Saturday, December 21, 2013
It was on Dec. 24, 1968 that astronauts aboard the Apollo 8 mission orbiting the Moon took one of the most famous images in the history of photography. It's become known as "Earthrise on the Moon," and we will soon be celebrating its 45th anniversary.
Moon chronicler Andrew Chaikin has worked with NASA to make a short video of the complete story of how this image came to be taken, and wrote me about recently. I thought I would share it with all of you -- whether you are an old geezer like me (and were alive in 1968) or whether you are newer to life on Earth and saw the picture later. You can find the video at:http://www.youtube.com/watch?v=dE-vOscpiNc
I love the image and its portrayal of a small, fragile planet Earth isolated in space above the airless surface of the Moon. But since this is the AstroProf's page, I have to add, like a good teacher should, that the name creates a bit of a misimpression.
When we talk about sunrise on Earth, we mean that as the Earth turns, we can see the Sun rise above the eastern horizon. As the day goes on, we see the Sun move through our skies, until, in the evening, it sets below the western horizon. What we see as the rising and setting of the Sun is just the effect of the 24-hour rotation of our planet. The spinning of the Earth causes the whole sky to go around us in a day.
The Moon's spin is much slower than Earth's! It takes the Moon 27.3 Earth days to spin once. And in exactly the same 27.3 days, the Moon also orbits once around the Earth. This "tidal locking" of the two motions, the Moon's spin and its revolution around us, means that the Moon always keeps the same face to the Earth.
If you don't believe or see this, try the experiment with your little brother. Put him in the middle of an empty space, face him, and then go around him in the exact same time as you turn your shoulders in a circle. If you take the same time to go around him as to go around yourself, your little brother will always see the front side of your body and never the back side.
For the same reason, if you stand on the Moon, you will either see the Earth in your sky (if you are on the near side of the Moon) or you will not (if you are on the far side). But the Earth will not rise or set in the Moon's sky the way the Sun or Moon rise and set in our sky.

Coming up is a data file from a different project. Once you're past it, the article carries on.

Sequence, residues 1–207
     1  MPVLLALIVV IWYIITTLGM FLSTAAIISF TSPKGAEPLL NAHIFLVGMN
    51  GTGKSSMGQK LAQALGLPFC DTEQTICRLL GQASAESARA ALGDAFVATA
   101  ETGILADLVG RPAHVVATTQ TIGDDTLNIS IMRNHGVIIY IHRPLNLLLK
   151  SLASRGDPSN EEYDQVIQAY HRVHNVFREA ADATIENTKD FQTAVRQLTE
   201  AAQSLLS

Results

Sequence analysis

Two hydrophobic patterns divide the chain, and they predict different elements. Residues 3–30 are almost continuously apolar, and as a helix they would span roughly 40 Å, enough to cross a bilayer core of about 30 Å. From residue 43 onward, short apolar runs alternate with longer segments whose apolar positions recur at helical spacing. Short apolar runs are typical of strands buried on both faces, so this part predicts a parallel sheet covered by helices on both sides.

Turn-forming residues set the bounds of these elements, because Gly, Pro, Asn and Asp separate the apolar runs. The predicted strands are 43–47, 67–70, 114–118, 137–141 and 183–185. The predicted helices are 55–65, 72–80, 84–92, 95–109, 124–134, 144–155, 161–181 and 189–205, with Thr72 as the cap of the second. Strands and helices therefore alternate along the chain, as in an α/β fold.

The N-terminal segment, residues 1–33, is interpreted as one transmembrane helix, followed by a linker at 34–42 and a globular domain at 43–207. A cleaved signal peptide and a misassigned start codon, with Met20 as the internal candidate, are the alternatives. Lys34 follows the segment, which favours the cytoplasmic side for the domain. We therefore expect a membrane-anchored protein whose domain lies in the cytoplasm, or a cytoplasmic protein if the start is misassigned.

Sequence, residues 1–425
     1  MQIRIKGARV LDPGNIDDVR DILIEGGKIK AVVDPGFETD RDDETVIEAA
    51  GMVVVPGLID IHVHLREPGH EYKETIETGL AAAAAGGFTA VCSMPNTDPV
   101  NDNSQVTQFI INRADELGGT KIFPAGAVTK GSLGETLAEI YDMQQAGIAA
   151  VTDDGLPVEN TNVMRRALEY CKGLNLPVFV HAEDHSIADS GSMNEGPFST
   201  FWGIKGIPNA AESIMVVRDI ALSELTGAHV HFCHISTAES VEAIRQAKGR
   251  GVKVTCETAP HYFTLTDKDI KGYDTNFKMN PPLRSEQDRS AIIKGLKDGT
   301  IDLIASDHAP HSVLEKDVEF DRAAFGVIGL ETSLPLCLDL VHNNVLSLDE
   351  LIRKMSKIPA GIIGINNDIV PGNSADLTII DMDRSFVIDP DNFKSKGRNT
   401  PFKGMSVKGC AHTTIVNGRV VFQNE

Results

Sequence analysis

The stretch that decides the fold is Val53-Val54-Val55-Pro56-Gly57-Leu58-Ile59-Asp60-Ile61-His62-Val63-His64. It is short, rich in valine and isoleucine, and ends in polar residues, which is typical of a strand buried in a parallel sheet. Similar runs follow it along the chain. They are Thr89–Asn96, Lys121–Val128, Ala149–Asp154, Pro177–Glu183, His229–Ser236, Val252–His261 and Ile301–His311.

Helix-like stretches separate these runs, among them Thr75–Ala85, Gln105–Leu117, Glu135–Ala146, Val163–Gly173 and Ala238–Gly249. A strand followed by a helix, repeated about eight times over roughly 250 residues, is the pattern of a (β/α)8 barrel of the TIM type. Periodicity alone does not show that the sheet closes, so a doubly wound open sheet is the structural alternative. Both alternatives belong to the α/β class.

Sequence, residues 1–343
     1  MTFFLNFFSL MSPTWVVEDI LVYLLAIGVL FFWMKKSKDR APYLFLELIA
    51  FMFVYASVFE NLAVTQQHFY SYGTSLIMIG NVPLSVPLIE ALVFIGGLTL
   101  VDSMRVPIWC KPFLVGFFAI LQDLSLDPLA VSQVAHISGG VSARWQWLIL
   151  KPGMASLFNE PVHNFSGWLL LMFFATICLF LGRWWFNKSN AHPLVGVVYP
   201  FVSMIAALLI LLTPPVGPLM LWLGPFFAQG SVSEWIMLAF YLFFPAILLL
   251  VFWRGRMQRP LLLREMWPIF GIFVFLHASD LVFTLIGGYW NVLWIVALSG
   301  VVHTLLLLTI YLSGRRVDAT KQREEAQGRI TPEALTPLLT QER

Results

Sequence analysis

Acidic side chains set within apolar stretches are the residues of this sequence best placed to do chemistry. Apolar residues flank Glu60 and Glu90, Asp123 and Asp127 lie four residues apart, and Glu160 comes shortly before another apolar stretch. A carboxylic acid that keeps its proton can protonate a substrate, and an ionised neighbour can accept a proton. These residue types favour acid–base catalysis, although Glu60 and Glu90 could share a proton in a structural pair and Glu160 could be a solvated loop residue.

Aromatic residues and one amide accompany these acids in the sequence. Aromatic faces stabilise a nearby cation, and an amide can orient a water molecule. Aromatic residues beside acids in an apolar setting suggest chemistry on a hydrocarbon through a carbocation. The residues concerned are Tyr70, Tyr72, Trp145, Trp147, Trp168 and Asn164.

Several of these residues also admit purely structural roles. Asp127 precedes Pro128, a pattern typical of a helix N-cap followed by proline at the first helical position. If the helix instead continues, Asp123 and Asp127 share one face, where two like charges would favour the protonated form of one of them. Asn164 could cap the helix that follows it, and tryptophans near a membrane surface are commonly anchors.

In the famous picture, the Earth only seemed to be "rising" to the astronauts because the Apollo spacecraft was orbiting the Moon.
But if future visitors to the Moon's surface really want to see an Earthrise, it is possible. The Moon wobbles back and forth just a bit (we call it "lunar libration") and so, if you stand in just the right place on the Moon, you could see the Earth dip very slowly below the horizon and then come up again. (Google lunar libration if you want the technical details.)
For everyone else, just enjoy the image and the video. In these times of strife and mistrust everywhere, it's good to remember that -- in the larger picture -- we are all passengers aboard spaceship Earth, sharing its limited area and limited resources.
Sunday, December 8, 2013
Here is a gorgeous picture of a spiral galaxy, which is part of the Coma Cluster of galaxies, roughly 300 million light years away. This galaxy (of billions of stars), like our own, is shaped like a frisbee -- and we are looking at the disk of the frisbee face-on. Its name is just a catalog number: NGC 4921. You can see its huge encircling "arms" of countless stars, blending their light together. And notice a number of clusters of young stars glowing blue, a little distance out from the center.
But what is amazing about this image, if you look at it for a while, is how many OTHER galaxies are visible through and around NGC 4921! All those structures around the galaxy that are not precise pinpoints of light are other great islands of stars -- each containing billions of stars and planets. The cluster of galaxies which NGC 4921 is part of contains more than a thousand galaxies. And there are more galaxies beyond that cluster. Pictures like this help us remember that our problems and disagreements on Earth are such minor issues when seen from the perspective of the universe.
This image, by the way, was assembled from a number of Hubble Space Telescope images and processed by Roberto Colombari, an Italian astronomical photographer working in Brazil.